Tuesday, July 19, 2011

Why humans can't draw

When humans draw things, most of the time the product is something that wouldn't easily be confused with a photograph.

I lifted these prime examples, like a pirate, from the blog Bad Drawings of Famous Musicians.

I used to draw pretty badly myself before I discovered the book Drawing on the Right Side of the Brain some years ago, and literally became a decent artist in one minute, in a profound moment of enlightenment. I'm not joking. I never finished the book. I didn't have to. In my life, this was one of those game-changing books of quintessence.

Ok, so I'm not DaVinci, but to have gone in one minute from one who draws stick figures to one who draws recognizable likenesses feels like hearing God.

The life-changing insight was this: humans draw badly because they think in symbols. When we see a person's eye, our brain converts it to a symbol in the course of identifying it with the category of "eyes". We strip off data. We generalize. What comes out when we try to draw an eye ends up being pretty hieroglyphic.

So we draw this . . . 


as this . . .



Even as you think about the dissimilarity, you're probably still not doing it justice, because your brain is still doing its interpretive thing.

One awesome hack of a solution to the interpretive problem is to divide images up in ways where your brain can't recognize anything that has a match in its hieroglyphics archive. If you're drawing from a photo, you can cover up parts of the photo, leaving a visible square that doesn't look like anything that activates a definition. If you're hard core, you can then obscure things even more by rotating it.


With enough obfuscation, you should get to a place where you can see things as they truly are, and when you draw the lines and fill in the dark and light places as you see them with your unbiased eye, you'll likely produce something that looks a heck of a lot more like reality.

Of course the ultimate goal is to be able to see things as they are without needing to obfuscate. After a while you get to a point where you can just turn your interpretive machinery off. (Warning: this gives you a surprising euphoria if you're not already used to doing it. It feels really good to give that stuff a rest.)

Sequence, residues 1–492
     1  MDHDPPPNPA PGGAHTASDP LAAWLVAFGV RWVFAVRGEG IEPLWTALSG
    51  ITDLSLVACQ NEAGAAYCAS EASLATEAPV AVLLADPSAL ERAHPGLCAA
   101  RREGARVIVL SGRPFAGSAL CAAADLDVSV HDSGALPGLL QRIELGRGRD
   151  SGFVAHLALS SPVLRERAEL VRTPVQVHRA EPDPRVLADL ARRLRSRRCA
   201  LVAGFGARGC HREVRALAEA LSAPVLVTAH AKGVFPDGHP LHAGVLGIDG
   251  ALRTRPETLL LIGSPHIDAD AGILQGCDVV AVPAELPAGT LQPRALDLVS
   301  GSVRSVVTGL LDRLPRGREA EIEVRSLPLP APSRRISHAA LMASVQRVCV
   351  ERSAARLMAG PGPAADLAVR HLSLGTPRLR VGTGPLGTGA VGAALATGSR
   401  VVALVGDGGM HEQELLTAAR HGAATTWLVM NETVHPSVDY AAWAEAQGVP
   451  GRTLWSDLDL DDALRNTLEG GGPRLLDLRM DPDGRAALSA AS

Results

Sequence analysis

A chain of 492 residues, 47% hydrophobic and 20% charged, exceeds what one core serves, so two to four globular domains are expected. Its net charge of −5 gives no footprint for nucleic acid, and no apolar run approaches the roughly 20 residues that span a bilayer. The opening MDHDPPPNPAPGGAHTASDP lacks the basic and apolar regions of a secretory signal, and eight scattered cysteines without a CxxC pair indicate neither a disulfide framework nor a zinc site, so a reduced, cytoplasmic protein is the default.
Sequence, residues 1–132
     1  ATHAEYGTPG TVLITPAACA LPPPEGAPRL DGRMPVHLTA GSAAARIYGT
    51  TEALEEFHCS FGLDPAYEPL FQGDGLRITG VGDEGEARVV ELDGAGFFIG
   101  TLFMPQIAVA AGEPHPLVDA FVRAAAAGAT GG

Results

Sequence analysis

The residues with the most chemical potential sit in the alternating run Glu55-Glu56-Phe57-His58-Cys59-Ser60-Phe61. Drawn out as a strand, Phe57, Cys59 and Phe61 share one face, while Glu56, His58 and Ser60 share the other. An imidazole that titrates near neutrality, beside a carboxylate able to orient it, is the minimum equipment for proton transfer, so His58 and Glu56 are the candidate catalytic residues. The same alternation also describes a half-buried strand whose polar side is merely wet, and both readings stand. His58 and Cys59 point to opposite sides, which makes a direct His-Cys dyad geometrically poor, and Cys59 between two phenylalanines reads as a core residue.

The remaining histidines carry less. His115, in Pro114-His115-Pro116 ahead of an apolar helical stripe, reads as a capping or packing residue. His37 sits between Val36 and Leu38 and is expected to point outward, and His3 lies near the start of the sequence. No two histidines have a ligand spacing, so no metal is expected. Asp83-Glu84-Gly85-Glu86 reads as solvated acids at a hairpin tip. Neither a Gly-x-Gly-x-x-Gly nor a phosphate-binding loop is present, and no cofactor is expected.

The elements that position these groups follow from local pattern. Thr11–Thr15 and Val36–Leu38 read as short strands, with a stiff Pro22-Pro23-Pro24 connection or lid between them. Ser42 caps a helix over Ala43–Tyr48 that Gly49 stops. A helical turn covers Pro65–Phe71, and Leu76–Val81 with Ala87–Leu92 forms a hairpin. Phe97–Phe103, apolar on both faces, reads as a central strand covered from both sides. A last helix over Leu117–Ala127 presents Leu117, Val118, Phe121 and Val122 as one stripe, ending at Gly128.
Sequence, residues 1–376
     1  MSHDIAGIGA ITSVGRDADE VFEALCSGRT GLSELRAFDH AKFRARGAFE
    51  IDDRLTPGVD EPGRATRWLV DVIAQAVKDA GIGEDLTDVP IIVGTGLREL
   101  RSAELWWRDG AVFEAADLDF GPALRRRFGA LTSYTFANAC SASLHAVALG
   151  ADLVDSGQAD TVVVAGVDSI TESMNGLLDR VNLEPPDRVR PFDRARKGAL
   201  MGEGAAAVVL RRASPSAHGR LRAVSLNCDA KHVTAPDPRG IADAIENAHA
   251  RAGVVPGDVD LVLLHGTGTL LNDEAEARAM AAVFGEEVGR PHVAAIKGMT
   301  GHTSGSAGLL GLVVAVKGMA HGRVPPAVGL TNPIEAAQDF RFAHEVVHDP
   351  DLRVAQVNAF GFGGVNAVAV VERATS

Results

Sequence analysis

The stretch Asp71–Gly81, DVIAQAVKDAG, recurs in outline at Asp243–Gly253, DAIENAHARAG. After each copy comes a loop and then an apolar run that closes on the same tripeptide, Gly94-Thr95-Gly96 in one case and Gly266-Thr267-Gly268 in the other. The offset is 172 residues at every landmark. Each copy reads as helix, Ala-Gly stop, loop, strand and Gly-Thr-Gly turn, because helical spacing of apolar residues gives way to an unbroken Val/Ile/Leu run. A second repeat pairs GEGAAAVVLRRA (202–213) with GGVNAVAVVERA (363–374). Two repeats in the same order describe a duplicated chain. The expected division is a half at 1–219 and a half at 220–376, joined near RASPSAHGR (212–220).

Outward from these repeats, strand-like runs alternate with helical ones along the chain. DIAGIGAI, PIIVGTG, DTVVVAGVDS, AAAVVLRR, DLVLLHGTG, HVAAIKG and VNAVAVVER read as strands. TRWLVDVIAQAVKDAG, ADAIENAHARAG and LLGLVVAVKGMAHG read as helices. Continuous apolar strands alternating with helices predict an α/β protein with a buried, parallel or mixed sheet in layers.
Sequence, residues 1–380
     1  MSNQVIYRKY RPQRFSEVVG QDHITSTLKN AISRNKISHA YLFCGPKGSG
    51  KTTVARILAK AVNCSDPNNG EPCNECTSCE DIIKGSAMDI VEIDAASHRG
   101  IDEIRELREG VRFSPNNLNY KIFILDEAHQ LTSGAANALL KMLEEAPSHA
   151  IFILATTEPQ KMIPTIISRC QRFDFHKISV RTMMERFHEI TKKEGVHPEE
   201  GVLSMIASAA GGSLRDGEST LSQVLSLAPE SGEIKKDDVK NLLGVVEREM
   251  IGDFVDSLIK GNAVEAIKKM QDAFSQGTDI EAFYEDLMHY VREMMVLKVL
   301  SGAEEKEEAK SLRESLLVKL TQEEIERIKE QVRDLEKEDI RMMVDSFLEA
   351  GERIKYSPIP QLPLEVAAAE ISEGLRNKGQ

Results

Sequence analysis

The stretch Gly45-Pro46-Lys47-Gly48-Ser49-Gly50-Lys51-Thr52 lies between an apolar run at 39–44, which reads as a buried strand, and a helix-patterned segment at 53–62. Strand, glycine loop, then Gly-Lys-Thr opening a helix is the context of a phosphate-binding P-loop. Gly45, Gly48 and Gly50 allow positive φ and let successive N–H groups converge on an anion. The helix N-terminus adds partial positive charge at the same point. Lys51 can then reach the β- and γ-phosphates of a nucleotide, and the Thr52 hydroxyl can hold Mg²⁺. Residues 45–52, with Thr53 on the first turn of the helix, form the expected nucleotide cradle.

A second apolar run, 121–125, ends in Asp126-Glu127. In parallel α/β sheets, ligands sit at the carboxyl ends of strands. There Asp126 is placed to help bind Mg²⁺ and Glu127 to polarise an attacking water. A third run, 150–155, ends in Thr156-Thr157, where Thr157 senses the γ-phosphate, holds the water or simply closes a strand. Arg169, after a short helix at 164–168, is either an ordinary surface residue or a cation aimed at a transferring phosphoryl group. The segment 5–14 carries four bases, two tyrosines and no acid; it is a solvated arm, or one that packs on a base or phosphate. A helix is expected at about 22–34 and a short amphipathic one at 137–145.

So with this revelation I learned to draw. Yea! Go back to Hacker News now and vote me up. 

. . .

. . . Ok. And I may have learned something about living. Why am I typing this. (Hey Megan, I love you.)

The Tao Te Ching was another game-changing book of quintessence for me. Oh God, I know how your interpretive machinery just simplified me.

Taoism contends that people can get trapped in words, concepts, and "isms." When I was a kid I attended to an academic debate on the internet about whether or not the Taoist writer Chuang Tzu had been the world's first anarchist. The consensus that came out of the discussion was that Chuang Tzu would give the finger to anarchism itself because it was too still too much of an "ism," and the word was too much of a commitment.

Concepts can disadvantage us (and benefit us) in some ways because they're imprecise, but they're traps because they're commitments. I've spoken before about how I hate dichotomies like "I'm an intellectual, not a jock." But far more deleterious to our happiness, I think, are concepts like, "She's a bitch." Humans are prone to hieroglyph everything away, even each other, so that just as the hour-long drive from work becomes a single chunked "event" that can hardly be recalled, human souls of richness and complexity get written off, simplified to a few penstrokes, and ultimately never engaged with for what they are.

I've half-wanted to write an anarchistic spiritual manifesto growing from the insights that I gleaned in part from learning to draw faces, but I keep getting hung up on the words. "I can't say 'spiritual'" "'Anarchist' isn't right."

I guess "The Tao that can be told is not the true Tao."[1]

With that in mind, maybe some of you will bear with me.

10 comments:

  1. You didn't become a half decent artist in a minute. You became a significantly better artist... that doesn't mean good, necessarily, or decent-- that's sort of a weird thing to say, but mostly just because of the traps of language and word definitions that you were talking about. I know what you mean, though. You've reached a significant milestone. And I'd say you are definitely a budding artist and an artist in general. If you make stuff, and you rely on your senses to a large extent, you're an artist. This is really just the beginning for you. Now you're thinking like an artist. And that's good. But I don't even know what makes someone a "good artist," so the word "decent" is even more of a nightmare. I'd say that you're an artist and you're growing as one and leave it at that.